By Clark Zimmerman, LAc
My grandmother was never a fan of air conditioning. I remember visiting her farm in the heat of summer and spending a lot of my time swimming in the pond, rather than sweating buckets inside the house. Though my mom insisted it was because she had lived through the depression and didn’t want to spend the money, grandma insisted that air conditioning made you more sensitive to the heat. “If you just learn to tolerate the heat, and drink iced drinks or go swimming” she reasoned, “than there is no real need for air conditioning.” I thought of my grandma’s wisdom while reading a recent study by Peter M. Grace and Linda R. Watkins of the University of Colorado. The study found that opiate pain medications, such as morphine, oxycodone, and Vicodin can have the “devastating consequences of making pain worse and longer lasting”. Like my grandmother’s opinion of air conditioning, it seems that rather than effectively treating pain, opioids often can help us feel more comfortable in the short term, but can cause lasting sensitivity to pain.
As opiate addiction continues to grow in the U.S., and deaths from overdose by opioids become more common, people are beginning to ask if the benefits of opioids are worth the risks that are involved. This recent study is the latest bit of evidence that something needs to change. The healthcare community is truly beginning to evaluate when to use opiate medications and when other treatment options would be more appropriate. This latest research suggests that the conditions that can benefit from opiate use are not as numerous as we once believed. In my practice, I have seen many people who began using opiate pain killers to treat a traumatic injury or a nagging condition with the belief that things would quickly improve and the pain medication would no longer be necessary. When the pain lingers because their injury is not properly addressed or because their lifestyle that contributes to their pain is not altered, they become dependent on the medication. This results in the unfortunate situation of needing more medication to achieve the same amount of pain relief, which can easily lead to opiate addiction. Another thing worth mentioning is that the body experiences pain to help get your attention. If, for instance, you tear a muscle lifting a heavy box, you feel pain so that we know to quit using that muscle until it heals. If you cover up the pain with medication, sometimes it allows you to keep doing physical work that your body cannot perform. This can often result in more damage to your body.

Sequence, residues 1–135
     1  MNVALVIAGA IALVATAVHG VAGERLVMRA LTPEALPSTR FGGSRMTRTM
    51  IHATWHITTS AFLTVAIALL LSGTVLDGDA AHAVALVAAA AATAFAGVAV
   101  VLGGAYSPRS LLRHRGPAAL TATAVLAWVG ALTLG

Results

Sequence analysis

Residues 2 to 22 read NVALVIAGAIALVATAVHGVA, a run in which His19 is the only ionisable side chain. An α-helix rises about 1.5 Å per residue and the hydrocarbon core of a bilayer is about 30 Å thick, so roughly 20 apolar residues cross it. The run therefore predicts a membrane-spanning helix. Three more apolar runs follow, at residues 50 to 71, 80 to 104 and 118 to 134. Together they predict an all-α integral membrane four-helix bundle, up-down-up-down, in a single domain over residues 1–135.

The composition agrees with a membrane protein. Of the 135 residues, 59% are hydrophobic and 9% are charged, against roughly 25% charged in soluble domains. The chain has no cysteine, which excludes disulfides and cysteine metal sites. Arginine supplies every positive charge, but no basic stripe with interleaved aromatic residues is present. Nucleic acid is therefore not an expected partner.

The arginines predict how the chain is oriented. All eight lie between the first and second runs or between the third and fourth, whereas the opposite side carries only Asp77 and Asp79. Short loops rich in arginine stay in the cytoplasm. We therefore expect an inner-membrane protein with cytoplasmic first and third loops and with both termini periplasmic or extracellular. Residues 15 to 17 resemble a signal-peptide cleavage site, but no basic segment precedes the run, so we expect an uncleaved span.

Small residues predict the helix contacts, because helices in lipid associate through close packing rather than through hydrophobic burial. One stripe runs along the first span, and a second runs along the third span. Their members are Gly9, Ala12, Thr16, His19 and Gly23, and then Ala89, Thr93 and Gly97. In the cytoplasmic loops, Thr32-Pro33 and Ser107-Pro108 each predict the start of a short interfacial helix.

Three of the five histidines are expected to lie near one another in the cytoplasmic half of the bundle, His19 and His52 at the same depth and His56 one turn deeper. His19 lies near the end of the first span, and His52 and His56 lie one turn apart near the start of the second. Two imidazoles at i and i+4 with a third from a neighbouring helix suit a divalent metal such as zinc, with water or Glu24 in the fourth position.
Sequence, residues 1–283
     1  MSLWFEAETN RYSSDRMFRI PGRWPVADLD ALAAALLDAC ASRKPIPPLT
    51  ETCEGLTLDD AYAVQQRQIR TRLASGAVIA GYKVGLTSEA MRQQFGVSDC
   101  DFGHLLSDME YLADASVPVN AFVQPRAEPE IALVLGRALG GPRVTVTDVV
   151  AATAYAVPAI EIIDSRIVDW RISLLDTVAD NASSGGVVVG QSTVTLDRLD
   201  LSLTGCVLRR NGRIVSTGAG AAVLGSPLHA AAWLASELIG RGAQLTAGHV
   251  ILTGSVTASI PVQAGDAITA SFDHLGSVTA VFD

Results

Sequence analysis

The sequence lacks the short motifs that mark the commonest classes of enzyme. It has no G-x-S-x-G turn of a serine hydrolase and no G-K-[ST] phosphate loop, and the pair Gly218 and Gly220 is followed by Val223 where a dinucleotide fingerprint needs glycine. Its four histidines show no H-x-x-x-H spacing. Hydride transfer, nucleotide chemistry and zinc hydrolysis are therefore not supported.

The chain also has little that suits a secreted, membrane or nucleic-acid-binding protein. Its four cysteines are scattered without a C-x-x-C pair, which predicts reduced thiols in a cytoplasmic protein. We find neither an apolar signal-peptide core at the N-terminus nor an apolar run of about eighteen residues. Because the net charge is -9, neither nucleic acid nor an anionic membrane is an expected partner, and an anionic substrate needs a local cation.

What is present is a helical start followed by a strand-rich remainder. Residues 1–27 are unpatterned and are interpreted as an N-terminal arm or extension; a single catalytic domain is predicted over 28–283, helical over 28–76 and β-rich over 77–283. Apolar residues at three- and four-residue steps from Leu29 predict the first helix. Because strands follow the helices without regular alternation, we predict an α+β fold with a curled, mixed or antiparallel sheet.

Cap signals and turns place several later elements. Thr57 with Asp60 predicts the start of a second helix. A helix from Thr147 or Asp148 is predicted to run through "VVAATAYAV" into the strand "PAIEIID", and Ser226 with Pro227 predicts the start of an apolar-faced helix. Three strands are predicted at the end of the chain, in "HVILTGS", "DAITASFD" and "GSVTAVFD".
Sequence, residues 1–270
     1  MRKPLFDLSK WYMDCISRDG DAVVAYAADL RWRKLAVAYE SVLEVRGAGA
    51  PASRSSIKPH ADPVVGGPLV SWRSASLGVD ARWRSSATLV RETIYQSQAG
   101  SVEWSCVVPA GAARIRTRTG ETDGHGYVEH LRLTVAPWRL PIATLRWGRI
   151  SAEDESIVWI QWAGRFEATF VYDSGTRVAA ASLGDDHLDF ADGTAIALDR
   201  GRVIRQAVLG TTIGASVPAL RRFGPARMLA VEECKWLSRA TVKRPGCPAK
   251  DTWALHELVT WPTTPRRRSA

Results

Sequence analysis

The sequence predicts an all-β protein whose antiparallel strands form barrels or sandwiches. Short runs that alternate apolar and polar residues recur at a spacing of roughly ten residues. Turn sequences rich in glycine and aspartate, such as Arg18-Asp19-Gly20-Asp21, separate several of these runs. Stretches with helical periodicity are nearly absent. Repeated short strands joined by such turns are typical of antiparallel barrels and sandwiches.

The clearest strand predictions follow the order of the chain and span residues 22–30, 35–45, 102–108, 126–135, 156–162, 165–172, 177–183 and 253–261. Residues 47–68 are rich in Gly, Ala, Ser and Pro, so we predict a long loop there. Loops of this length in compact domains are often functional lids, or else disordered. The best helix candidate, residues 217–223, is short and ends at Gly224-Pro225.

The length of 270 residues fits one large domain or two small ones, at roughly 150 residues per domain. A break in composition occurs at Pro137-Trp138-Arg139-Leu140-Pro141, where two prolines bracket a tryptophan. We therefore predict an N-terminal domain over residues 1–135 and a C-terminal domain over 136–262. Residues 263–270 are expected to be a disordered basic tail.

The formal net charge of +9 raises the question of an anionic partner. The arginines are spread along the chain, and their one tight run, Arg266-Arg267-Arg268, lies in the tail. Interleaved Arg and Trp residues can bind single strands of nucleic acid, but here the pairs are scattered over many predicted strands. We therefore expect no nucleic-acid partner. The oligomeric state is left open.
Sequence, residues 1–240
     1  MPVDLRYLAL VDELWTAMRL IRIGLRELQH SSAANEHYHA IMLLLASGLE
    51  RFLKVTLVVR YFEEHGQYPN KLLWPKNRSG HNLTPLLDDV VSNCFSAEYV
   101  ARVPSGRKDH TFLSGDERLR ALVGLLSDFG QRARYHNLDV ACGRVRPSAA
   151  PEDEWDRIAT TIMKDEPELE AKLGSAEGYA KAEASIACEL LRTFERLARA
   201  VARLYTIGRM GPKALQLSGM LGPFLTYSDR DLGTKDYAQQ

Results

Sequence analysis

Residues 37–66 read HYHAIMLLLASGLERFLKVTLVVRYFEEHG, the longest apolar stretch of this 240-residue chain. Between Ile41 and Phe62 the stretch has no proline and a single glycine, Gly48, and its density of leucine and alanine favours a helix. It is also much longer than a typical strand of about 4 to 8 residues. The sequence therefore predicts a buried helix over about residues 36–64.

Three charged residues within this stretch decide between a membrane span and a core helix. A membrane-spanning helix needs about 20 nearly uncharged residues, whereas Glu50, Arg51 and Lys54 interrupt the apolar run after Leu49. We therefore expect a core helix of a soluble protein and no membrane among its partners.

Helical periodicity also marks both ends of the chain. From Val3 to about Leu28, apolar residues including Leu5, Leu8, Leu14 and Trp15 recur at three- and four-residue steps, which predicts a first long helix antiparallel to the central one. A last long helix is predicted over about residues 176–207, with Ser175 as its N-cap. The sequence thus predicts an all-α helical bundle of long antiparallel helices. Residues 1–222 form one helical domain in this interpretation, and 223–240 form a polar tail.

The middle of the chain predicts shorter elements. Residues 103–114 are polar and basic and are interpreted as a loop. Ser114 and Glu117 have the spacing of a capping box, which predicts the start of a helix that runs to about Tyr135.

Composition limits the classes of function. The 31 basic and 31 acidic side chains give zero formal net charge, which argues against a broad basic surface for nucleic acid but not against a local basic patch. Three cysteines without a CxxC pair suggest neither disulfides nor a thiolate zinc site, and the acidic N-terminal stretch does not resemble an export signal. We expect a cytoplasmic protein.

I believe that opiate pain medications are often prescribed when other treatments such as ice/heat, rest, massage, acupuncture, chiropractic/osteopathic manipulations, physical therapy, or herbal preparations would be a better choice. These treatments attempt to address the underlying problem that is causing the pain, rather than cover up the pain in general. It seems that we are coming to a point as a society where this issue cannot be ignored any longer. Opiate pain treatments do have a place, but only in very specific situations of severe and otherwise untreatable pain, and only under the close supervision of a skilled and attentive medical practitioner. Not only is widespread opiate medication creating problems in our communities, it now appears that it is largely ineffective.